Florida Votes to Outlaw Synthetic Drugs
Last month, members of the Florida Senate passed a bill which effectively outlaws synthetic drugs. The legislation is now in the hands of Gov. Rick Scott.
Representative Clay Ingram (R):
“HB 1347 is a product of more than five years of work with Attorney General Pam Bondi and the Florida Department of Law Enforcement. With the passage of this bill, Florida will finally be able to keep pace with the manufactures of these constantly changing and potentially deadly synthetic drugs.”
Attorney General Pam Bondi has been collaborating with lawmakers in Florida to ban 136 chemical compounds often used to manufacture these drugs. The passed bill will outlaw the drugs by using a classification system, in addition to individually identified compounds.
Attorney General Bondi:
“Thank you…members of our great legislature for voting to pass this life saving legislation that will allow us to categorically outlaw synthetic drugs as a whole. This legislation will help bolster our efforts to combat the growing threat of synthetic drug use, keep these dangerous drugs off store shelves and out of the hands of Florida’s youth.”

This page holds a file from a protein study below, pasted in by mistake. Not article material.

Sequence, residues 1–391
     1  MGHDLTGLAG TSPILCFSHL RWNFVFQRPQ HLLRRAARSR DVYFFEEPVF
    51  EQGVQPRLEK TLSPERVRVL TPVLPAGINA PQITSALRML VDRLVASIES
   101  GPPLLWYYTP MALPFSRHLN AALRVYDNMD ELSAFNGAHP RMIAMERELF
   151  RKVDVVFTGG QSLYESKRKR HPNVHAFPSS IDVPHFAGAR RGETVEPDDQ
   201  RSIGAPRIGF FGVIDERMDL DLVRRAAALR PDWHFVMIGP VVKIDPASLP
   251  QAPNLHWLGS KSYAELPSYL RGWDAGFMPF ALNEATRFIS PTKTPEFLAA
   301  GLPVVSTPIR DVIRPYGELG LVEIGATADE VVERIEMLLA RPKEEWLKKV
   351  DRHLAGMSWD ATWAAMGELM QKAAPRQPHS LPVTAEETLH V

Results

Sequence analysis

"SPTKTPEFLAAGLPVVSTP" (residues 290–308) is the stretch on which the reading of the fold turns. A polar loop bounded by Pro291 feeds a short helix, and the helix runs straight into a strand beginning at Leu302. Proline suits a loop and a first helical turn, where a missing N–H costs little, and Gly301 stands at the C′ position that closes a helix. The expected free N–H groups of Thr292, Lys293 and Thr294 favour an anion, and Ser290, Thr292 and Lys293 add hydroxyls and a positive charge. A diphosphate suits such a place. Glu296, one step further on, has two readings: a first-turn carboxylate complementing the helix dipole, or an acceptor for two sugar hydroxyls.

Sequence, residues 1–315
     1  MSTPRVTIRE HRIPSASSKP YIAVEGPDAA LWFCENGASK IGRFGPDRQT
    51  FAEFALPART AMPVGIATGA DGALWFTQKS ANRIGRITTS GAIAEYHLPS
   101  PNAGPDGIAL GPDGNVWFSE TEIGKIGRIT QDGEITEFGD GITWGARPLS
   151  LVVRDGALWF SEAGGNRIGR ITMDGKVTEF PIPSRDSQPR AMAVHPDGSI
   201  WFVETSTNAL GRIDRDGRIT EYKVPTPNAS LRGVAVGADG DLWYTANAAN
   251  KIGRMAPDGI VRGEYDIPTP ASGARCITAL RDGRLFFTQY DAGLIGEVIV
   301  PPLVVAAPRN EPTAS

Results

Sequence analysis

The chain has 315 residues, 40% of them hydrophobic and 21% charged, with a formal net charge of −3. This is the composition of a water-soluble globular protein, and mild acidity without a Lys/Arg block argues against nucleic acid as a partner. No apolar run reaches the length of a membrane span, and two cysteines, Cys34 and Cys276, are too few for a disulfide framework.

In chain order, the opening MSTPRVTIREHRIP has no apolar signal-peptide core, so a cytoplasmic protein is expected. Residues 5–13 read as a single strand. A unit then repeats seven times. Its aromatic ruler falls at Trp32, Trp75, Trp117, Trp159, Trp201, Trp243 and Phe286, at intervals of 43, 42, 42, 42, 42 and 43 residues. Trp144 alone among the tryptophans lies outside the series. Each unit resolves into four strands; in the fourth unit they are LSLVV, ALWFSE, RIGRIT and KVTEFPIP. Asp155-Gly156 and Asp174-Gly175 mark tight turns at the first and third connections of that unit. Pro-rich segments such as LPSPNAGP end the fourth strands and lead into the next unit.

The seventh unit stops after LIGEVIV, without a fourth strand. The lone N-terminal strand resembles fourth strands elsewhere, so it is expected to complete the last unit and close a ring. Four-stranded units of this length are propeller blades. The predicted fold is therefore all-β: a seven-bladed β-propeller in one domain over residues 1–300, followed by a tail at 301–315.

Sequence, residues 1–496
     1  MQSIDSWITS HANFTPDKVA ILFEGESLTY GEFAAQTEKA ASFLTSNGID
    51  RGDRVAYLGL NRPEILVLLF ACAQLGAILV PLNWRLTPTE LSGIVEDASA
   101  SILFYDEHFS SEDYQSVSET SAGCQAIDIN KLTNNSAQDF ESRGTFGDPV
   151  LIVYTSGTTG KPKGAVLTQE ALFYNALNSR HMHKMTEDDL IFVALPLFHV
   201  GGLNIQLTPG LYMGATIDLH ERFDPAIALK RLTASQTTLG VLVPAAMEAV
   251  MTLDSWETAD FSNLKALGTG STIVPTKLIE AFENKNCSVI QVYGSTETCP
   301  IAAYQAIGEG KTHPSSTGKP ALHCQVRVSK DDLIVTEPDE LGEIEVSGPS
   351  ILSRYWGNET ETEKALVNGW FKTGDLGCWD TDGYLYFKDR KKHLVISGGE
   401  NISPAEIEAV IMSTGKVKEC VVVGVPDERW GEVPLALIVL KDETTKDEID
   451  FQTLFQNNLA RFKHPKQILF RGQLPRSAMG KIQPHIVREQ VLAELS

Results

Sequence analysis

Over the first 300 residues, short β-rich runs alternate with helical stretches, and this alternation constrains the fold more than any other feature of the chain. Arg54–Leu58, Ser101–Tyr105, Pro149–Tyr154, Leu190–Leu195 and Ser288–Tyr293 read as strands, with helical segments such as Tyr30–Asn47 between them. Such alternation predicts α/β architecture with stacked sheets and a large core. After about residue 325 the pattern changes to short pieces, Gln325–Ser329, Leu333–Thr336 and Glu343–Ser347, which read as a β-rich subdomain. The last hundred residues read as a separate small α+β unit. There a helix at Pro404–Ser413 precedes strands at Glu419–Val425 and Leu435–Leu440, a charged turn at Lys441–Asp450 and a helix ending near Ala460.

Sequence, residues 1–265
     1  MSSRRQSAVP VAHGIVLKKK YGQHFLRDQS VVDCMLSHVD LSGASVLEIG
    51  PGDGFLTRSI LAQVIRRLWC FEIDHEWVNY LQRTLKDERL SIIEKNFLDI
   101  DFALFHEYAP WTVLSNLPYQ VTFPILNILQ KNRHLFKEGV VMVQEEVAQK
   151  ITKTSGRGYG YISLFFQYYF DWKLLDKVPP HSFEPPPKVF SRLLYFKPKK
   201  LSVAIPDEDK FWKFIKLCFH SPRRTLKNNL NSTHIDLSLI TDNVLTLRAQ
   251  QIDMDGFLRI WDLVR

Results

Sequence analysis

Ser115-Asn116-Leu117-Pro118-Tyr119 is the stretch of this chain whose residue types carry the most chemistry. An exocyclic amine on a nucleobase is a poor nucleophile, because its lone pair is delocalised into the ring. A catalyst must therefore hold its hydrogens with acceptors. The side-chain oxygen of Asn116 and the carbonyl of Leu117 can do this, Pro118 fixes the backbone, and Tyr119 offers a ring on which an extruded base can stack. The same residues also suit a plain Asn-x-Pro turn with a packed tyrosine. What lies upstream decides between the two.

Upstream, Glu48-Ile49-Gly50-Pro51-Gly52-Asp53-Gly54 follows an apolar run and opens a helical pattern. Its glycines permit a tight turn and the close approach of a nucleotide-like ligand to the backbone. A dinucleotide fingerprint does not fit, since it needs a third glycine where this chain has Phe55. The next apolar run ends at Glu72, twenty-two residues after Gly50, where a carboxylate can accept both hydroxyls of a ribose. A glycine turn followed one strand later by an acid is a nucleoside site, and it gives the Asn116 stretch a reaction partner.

Examples of Synthetic Drugs
While all man-made drugs are synthetic, the specific drugs the bill refers to can be described as thus: chemically-laced substances created in a lab, similar in nature to marijuana, cocaine or methamphetamine. They are most commonly found over-the-counter at various convenience stores, gas stations and tobacco/head shops. They can also be purchased online.
There are two basic categories, based on their chemical consistency: cannabinoids and cathinones.
Cannabinoids, as the name would imply, are formulated to mimic the effects of marijuana via lab-produced THC. For this reason, they are also known simply as “synthetic marijuana”. Popular versions of the drug are K2 and Spice. Cannabinioids are also sometimes labeled as “herbal incense”.
Side Effects Include:
- Desire for the feeling to end
Cathinones create a stimulant effect, not dissimilar from cocaine or meth. They are commonly known as “bath salts” and can be inhaled or smoked. They mostly likely contain MDPV (methylenediozypyrovalerone) but may also contain mephedrone, a derivative of the Khat plant.
Side effects include:
- Severe paranoia
- Violent behavior
- Chest pain
- Decreased need for sleep
- Lack of appetite
Synthetic drugs have reportedly been related to fatalities, and are particular dangerous because the user often doesn’t know what they are getting. For example, some cannabinoid formulations can be much more potent than marijuana itself.
~ G. Nathalee Serrels, M.A., Psychology